Justices Sharply Divided In Latest Obamacare Birth Control Mandate Case
Yesterday, the Supreme Court heard oral argument in the latest round of lawsuits to reach the nation’s highest court dealing with the contraceptive coverage mandate issued by the Department of Health and Human Services pursuant to the Affordable Care Act and the claims of certain employers that providing such coverage is a violation of their religious liberty as guaranteed by the Religious Freedom Restoration Act, returning the Justices once again to the issues they last dealt with in Burwell v. Hobby Lobby. The issues in these cases, though, are somewhat different from those the Court dealt with two years ago and, thanks to the vacancy created by the death last month of Justice Antonin Scalia, it’s unclear that the Court will be able to come to any sort of consensus that would be sufficient to allow for a majority opinion:
WASHINGTON — The Supreme Court weighed moral theology and parsed insurance terminology on Wednesday in an extended and animated argument that seemed to leave the justices sharply divided over what the government may do to require employers to provide free insurance coverage for contraception to female workers.
A 4-to-4 tie appeared to be a real possibility, which would automatically affirm the four appeals court decisions under review.
All four ruled that religious groups seeking to opt out of the requirement that they pay for the coverage must sign forms and provide information that would shift the cost to insurance companies and the government. A tie vote in the Supreme Court would not set a national precedent, and religious groups in different parts of the country would have conflicting obligations if they object to covering contraception.
Other appeals courts have also agreed that the accommodation offered to religious groups is lawful. But the United States Court of Appeals for the Eighth Circuit, which hears cases from federal courts in Arkansas, Iowa, Minnesota, Missouri, Nebraska, North Dakota and South Dakota, ruled that it violated the Religious Freedom Restoration Act of 1993.
Wednesday’s case grew out of a regulation requiring many employers to provide the coverage for contraception under the Affordable Care Act. Religious institutions like schools and churches have said that forcing them to comply with that violates the religious freedom law. They also objected to an alternative offered by the government that would allow them to opt out of the requirement by completing a form.
The court’s four more liberal members appeared ready to endorse that alternative.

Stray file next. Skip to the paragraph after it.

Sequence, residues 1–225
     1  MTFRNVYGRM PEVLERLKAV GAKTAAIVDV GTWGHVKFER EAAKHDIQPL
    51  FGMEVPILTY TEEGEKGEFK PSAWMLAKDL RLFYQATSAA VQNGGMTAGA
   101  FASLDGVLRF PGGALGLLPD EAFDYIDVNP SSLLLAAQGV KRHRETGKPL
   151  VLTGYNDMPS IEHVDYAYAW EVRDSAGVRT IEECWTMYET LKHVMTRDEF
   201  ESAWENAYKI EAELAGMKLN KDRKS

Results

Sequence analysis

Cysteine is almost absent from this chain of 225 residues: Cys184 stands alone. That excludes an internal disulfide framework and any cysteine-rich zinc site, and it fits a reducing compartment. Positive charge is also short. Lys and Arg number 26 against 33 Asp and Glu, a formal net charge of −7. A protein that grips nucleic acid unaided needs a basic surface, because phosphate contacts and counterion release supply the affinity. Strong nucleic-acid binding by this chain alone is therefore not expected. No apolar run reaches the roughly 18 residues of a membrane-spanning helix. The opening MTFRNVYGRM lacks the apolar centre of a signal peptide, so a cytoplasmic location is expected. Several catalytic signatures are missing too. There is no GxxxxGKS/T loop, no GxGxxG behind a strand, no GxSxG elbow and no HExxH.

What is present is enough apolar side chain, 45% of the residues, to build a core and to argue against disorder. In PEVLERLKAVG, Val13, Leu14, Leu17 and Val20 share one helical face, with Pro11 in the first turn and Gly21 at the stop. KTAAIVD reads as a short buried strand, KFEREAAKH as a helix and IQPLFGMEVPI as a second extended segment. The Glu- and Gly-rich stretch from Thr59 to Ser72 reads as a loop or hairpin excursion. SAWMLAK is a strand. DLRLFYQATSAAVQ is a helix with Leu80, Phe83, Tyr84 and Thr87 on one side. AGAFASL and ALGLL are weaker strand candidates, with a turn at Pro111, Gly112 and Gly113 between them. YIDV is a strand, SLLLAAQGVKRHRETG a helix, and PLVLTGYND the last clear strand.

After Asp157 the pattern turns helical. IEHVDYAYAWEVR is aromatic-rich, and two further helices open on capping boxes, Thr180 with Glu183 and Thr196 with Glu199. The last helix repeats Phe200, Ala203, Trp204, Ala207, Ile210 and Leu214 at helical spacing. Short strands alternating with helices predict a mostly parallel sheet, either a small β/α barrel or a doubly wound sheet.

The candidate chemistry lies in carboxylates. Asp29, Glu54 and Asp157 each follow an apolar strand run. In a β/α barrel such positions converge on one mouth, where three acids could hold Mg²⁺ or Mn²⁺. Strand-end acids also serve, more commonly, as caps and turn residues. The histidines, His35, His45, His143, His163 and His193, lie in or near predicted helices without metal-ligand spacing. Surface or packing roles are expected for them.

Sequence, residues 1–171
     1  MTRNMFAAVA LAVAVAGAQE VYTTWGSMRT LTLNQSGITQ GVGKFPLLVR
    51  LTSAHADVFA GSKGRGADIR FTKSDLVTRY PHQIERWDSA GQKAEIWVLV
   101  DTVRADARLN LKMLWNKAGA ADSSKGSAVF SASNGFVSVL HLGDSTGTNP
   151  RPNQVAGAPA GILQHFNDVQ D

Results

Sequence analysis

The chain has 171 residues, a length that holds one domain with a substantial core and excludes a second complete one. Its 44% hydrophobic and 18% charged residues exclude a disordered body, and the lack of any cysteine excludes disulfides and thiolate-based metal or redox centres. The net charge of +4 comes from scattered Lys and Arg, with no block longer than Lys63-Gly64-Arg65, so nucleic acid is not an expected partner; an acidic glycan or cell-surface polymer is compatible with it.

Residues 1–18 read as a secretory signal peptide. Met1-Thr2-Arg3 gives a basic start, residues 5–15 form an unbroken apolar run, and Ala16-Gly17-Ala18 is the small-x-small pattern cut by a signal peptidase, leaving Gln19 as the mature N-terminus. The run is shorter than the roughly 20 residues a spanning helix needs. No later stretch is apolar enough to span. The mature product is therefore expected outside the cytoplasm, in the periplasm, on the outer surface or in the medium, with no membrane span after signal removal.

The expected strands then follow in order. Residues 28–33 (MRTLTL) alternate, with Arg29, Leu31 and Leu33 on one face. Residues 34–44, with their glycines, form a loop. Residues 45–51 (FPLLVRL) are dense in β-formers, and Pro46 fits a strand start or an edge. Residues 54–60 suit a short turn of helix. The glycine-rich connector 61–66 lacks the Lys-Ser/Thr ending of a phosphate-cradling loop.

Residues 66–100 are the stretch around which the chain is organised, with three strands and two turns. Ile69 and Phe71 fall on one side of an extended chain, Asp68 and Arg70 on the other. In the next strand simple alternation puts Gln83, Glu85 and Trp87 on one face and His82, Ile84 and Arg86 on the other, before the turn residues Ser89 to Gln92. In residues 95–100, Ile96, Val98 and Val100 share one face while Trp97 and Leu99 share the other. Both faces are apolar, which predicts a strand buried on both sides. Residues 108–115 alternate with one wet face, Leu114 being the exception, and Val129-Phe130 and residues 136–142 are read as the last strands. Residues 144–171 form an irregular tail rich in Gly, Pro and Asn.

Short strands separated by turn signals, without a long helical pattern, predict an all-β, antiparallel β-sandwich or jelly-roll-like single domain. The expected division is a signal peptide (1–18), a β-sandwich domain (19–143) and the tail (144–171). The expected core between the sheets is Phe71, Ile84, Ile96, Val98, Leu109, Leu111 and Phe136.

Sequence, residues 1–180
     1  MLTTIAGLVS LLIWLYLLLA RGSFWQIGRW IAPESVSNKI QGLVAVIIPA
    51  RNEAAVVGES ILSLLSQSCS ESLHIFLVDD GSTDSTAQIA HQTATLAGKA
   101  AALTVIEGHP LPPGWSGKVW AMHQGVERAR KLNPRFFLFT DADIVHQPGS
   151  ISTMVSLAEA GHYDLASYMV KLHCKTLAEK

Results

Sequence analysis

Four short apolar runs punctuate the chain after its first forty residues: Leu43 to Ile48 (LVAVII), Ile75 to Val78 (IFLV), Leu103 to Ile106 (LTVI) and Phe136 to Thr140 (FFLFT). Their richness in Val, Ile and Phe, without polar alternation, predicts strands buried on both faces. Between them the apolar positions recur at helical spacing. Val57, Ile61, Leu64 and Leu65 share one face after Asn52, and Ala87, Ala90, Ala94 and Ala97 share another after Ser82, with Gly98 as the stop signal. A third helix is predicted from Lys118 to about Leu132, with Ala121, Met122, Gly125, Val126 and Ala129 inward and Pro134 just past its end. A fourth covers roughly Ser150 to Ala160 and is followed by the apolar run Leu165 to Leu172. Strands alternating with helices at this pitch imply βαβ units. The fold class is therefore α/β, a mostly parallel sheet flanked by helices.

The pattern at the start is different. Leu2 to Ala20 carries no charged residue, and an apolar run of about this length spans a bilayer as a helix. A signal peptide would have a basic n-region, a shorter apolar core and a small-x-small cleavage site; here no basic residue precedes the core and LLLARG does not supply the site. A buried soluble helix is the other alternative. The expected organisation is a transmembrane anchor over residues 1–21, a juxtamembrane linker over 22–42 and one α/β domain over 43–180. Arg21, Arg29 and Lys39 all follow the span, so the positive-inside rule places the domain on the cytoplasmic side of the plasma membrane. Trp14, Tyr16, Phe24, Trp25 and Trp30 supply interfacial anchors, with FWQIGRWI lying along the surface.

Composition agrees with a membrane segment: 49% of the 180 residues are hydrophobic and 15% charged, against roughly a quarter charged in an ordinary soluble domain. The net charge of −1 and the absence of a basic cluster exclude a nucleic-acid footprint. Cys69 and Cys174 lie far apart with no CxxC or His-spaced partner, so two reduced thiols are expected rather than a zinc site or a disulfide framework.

“There has to be an accommodation,” Justice Ruth Bader Ginsburg said. “And that’s what the government tried to do.”
But it appeared unlikely that the liberal justices would be able to attract the crucial vote of Justice Anthony M. Kennedy, who repeatedly questioned whether the accommodation was making the groups “complicit in the moral wrong” by hijacking their insurance plans.
Though Justice Clarence Thomas asked no questions, there was little doubt where the three more conservative justices stood. Justice Samuel A. Alito Jr., for instance, citing arguments in supporting briefs, said the government’s approach represented “an unprecedented threat to religious liberty in this country.”
Much of the argument concerned whether the government could provide free contraception coverage without using the groups’ insurance plans. Justice Alito suggested, for instance, that the government could use the insurance exchanges created under the Affordable Care Act.
The burden on women would be minimal, Justice Alito said. “So she’ll have two insurance cards instead of one,” he said.
But Justice Sonia Sotomayor said it was important to make obtaining coverage easy.
“When contraceptives are provided to women in a seamless way,” she said, “the number of unintended pregnancies dramatically falls, as does the number of abortions.”
Solicitor General Donald B. Verrilli Jr., representing the Obama administration, said Justice Alito’s alternatives would be cumbersome and would not “come anywhere close to being equally effective in ensuring that women get this coverage.”
Chief Justice John G. Roberts Jr. seemed to view that answer as a major concession.
“Your compelling interest is not that women obtain the contraceptive services,” the chief justice said. “Your compelling interest is that women obtain the contraceptive services through the insurance plan or the third-party administrator hired by” the religious groups.
“The petitioner has used the phrase ‘hijacking,’ and it seems to me that that’s an accurate description of what the government wants to do,” Chief Justice Roberts said.